Provincial watchdog: Back off Tay River
No one can predict impact, official says
Dave Rogers
The Ottawa Citizen

Wednesday, February 19, 2003

Ontario's environmental watchdog said yesterday nobody knows enough about the Tay River near Perth to predict whether it can sustain the OMYA Canada Inc. water-taking that Environment Minister Chris Stockwell approved last week..

Environmental Commissioner Gord Miller called for water use planning on the Tay to determine how much water is available in the river and its tributaries and the amount needed for drinking water and irrigation. He said government monitoring of Ontario rivers has been inadequate and any decisions made about them now are based on guesses.

OMYA mixes water with crushed calcium carbonate to produce a slurry the consistency of mustard that is shipped throughout North America to produce paper, paint, wallboard, toothpaste, antacids, food products and calcium supplements.

Mr. Stockwell decided last week to allow the Swiss multinational to increase its water-taking in the river to 4.5 million litres a day from 1.5 million litres.

His decision overturned an Environmental Review Tribunal decision and bypassed a planned Ontario Divisional Court review.

Company president Olivier Chatillon wrote to Premier Ernie Eves and Mr. Stockwell in February 2002, threatening to warn European businesses against investing in Ontario after the environmental tribunal decision.

Mr. Miller said his role is to defend the Ontario Environmental Bill of Rights, which gives everyone the right to participate in government environmental decisions.

"Ultimately the river will sustain this water-taking or it will not," Mr. Miller said. "If it sustains it, he (Mr. Stockwell) has made the right decision, but if during the next drought the river cannot sustain the flow required, the minister will be accountable for that decision."

Mr. Miller said there is "clearly some uncertainty whether the river can handle the additional water-taking or not." The amount the company plans to remove from the slow-flowing river would fill two Olympic size swimming pools daily and equals the amount of water used by the Town of Perth.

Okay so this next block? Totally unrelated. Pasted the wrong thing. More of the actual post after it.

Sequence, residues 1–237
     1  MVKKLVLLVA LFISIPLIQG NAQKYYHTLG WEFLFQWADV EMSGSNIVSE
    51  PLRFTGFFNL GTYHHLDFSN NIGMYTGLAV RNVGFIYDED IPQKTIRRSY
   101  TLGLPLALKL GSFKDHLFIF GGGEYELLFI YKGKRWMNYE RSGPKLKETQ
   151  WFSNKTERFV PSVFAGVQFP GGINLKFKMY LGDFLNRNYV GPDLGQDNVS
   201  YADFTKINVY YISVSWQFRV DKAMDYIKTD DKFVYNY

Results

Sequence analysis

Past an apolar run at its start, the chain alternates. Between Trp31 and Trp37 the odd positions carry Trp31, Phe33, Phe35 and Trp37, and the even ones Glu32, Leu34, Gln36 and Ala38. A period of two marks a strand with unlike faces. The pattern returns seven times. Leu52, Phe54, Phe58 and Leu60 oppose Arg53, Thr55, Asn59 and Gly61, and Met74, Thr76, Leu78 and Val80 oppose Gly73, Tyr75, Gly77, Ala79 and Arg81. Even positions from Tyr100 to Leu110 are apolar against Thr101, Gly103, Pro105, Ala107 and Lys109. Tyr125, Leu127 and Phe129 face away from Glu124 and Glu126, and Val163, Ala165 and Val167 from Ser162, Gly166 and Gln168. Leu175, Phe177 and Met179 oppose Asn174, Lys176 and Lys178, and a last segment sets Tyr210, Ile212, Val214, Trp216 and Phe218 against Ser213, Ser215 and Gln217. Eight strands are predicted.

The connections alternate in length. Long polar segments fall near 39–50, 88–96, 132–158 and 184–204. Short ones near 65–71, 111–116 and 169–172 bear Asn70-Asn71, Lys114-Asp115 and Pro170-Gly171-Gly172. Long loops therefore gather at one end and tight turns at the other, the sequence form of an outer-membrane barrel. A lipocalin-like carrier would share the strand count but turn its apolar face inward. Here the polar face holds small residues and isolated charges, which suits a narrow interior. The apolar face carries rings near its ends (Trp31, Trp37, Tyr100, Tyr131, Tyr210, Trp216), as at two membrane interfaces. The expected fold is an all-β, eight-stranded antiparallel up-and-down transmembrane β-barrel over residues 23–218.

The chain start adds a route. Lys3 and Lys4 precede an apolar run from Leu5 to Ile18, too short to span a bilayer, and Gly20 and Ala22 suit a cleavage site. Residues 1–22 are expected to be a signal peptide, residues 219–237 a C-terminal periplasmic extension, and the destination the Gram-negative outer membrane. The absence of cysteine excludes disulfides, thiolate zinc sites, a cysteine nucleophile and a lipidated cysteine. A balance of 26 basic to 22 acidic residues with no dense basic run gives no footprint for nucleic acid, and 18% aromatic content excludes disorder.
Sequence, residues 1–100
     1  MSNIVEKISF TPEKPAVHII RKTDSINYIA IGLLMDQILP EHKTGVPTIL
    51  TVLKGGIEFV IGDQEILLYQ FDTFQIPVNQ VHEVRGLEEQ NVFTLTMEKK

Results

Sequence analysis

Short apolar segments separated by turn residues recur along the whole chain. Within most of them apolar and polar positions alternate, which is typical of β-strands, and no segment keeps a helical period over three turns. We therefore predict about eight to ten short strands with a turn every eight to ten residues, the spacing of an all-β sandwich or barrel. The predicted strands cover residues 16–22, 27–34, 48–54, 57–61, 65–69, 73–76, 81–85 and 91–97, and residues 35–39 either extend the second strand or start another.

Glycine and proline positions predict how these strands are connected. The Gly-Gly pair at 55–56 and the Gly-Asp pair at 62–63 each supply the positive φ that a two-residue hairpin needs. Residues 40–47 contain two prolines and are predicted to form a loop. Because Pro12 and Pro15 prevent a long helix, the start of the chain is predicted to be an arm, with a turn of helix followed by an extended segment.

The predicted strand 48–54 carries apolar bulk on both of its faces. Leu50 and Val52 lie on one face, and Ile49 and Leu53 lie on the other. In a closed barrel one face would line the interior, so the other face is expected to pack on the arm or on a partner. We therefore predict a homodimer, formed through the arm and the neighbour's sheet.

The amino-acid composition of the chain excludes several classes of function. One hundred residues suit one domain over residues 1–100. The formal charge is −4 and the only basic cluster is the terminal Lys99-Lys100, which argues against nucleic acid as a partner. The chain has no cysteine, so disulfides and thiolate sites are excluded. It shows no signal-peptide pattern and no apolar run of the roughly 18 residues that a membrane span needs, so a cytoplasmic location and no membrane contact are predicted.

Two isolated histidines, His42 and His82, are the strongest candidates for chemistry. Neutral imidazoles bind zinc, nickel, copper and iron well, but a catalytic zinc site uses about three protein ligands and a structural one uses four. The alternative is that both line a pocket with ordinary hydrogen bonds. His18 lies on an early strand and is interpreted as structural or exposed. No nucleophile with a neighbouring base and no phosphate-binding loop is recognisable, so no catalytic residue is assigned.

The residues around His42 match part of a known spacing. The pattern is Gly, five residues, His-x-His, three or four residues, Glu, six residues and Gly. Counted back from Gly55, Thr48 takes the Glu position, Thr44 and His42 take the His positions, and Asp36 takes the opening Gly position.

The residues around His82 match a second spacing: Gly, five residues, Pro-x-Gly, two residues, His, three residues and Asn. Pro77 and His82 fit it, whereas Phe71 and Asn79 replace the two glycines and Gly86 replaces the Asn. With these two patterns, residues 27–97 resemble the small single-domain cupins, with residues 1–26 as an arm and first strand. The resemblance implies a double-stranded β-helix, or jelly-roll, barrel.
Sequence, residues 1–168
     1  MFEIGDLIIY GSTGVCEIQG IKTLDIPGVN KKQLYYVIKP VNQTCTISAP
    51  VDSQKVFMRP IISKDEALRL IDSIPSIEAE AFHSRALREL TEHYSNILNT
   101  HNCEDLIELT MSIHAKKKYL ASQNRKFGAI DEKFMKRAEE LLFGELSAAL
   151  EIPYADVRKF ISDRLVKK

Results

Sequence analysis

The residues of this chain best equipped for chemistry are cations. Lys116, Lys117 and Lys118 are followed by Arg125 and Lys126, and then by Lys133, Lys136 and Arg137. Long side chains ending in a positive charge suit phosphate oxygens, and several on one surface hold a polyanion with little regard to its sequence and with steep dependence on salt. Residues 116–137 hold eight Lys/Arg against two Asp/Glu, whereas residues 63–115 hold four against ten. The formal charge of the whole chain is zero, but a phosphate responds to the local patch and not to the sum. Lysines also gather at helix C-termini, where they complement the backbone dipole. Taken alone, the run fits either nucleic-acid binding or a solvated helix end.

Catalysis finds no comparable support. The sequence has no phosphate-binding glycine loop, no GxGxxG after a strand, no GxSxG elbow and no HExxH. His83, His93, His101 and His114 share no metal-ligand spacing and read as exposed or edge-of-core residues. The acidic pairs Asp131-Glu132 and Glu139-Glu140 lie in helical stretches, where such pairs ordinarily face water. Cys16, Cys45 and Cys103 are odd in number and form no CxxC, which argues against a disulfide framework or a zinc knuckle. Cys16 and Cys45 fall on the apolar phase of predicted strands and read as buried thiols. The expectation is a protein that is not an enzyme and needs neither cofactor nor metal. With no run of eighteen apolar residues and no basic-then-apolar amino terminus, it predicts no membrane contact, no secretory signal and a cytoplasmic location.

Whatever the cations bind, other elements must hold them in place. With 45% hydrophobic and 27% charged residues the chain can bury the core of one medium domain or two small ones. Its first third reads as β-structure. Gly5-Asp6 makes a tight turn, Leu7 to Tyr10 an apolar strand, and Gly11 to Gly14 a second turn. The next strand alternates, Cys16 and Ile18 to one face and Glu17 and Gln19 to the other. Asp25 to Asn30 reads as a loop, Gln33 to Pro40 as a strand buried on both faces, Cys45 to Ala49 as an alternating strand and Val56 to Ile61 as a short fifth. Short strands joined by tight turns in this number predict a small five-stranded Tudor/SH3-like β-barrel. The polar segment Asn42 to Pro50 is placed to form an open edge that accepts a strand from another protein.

"The only way we will know is by following through and seeing what happens during the next major drought," Mr. Miller said. "There was no watershed approach to planning or source protection here.

"If the government had done a watershed plan there would be a lot more science and a lot fewer grounds for conflict. If the government moves quickly, it could do that (planning) within a year and within five years we could be doing watershed planning throughout Ontario."

Mr. Miller said water-taking permits should be allowed only after determining the amount of water that is available and how much is needed for essential uses such as drinking water and farm irrigation.

He said he is concerned that the province has drastically cut the monitoring of water flow, making it difficult to make good decisions on water-taking permits. He said without such data provincial authorities are just guessing at the volume of water in Ontario rivers.

Opponents of Mr. Stockwell's decision could appeal to the courts if they believe he made a legal error or regard the decision as profoundly unsound, but they would have to pay the court costs if they lose, Mr. Miller said. He added that option is probably not practical for Perth-area residents because of the high cost of litigation.

Mr. Miller is an officer of the provincial assembly like the Ontario Ombudsman or the provincial auditor. He has been sharply critical of Progressive Conservative government decisions that affect the environment.

In 2000 he delivered a wide-ranging indictment of the province's environmental record in a report criticizing everything from lapsed efforts to clean up the Great Lakes to inadequate monitoring of forest company logging activities.

In the aftermath of the Walkerton disaster, he wrote a special report that severely criticized the government for not monitoring groundwater supplies and allowing factory-farm operations that generate massive amounts of manure to locate unchecked.

OMYA's Mr. Chatillon said there was plenty of evidence from the beginning to justify the company's application to triple its water-taking.

Mr. Chatillon said the company's opponents never provided any experts who contradicted OMYA experts who declared that the impact of the water-taking on the river would be negligible.

Running dry: Tay's source at extremely low level, page C1